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A dialect is a variation of a standard language spoken by a group of people. Sometimes people who live in the same place share a dialect. Sometimes people who are similar in some other way, such as social class, share a dialect.

There is no absolute difference between a dialect and a language. British English and American English are dialects of English. They differ slightly in spelling, in pronunciation, and in vocabulary. However, they are "mutually intelligible", which means speakers from both countries can understand each other.

On the other hand, Spanish and Portuguese are now different languages, but historically, Portuguese was once a dialect of Spanish. Catalan is another dialect of Spanish, again, so different that some call it a different language.

English is definitely a language, but in the past it was a dialect of Old Saxon called Anglo-Saxon.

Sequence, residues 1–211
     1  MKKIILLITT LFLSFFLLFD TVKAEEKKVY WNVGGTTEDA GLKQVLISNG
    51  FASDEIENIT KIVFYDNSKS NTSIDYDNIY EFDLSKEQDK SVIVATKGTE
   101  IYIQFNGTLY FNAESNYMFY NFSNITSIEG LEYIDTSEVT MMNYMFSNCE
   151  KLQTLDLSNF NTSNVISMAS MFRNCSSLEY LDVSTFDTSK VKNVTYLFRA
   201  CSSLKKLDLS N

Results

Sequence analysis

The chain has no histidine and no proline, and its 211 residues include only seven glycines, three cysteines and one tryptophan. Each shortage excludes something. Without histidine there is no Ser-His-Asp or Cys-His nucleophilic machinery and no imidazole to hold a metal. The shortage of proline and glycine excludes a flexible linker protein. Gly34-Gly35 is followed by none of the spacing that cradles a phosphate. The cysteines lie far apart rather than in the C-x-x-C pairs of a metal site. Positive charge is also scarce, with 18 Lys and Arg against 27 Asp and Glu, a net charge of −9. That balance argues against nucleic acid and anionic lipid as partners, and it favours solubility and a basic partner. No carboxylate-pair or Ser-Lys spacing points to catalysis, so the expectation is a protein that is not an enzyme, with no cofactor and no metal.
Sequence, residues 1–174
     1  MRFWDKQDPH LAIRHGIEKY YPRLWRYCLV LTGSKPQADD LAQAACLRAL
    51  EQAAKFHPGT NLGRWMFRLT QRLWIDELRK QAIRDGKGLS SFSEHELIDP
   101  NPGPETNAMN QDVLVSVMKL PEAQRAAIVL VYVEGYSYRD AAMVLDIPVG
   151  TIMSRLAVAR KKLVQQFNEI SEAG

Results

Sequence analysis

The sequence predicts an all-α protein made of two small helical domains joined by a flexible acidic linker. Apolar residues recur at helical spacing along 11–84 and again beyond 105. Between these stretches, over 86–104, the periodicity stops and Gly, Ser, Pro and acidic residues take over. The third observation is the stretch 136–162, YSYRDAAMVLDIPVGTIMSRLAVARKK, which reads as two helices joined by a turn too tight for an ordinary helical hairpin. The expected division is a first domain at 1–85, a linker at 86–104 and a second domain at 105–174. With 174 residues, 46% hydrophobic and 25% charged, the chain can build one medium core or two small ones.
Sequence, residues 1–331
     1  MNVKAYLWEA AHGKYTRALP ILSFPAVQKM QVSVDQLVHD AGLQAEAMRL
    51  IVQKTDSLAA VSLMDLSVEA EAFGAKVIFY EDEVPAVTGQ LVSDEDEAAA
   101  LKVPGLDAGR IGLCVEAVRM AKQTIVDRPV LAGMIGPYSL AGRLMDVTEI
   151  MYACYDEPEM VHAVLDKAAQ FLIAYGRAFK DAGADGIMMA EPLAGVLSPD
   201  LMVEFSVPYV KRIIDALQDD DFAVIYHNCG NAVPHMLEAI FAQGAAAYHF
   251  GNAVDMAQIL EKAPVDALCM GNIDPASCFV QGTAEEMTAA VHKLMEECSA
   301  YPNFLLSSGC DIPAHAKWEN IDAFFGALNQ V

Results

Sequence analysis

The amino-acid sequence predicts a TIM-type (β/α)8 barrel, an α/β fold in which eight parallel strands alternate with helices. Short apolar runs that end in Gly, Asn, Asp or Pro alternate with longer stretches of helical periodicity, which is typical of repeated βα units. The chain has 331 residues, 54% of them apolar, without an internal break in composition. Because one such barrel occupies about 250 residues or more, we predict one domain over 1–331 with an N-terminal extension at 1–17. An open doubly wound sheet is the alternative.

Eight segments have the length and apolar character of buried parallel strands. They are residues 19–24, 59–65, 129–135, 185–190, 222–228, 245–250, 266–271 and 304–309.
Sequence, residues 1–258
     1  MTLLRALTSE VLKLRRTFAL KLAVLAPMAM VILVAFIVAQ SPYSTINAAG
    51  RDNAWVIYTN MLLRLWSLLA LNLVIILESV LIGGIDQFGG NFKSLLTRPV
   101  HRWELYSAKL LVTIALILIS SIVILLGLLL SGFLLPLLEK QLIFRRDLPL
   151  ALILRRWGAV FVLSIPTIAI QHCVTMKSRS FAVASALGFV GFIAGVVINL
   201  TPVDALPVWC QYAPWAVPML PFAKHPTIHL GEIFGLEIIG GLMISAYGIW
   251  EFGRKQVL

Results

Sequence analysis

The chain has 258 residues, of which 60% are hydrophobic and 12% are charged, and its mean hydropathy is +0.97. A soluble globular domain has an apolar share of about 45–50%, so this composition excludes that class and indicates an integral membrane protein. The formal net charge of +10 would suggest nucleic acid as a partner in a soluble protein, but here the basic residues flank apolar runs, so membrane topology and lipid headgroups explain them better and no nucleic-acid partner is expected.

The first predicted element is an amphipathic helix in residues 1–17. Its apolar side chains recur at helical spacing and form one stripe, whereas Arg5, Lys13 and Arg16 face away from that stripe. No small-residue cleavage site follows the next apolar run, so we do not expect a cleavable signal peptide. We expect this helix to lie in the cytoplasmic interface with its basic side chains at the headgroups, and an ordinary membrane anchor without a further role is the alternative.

In past times, travel was difficult. Because of this, dialects developed in quite small regions of a country. In Britain there were dialects in the different parts of the country, and traces of this can be heard today.

Differences in dialects can be found:

  • in different words (for example, people who speak British English may go to church and people who speak Scottish English may go to kirk)
  • in different pronunciations. Words are written the same way but pronounced differently by different speakers.
  • in different grammar (for example, most people who speak English may say I dived, but a few say I dove)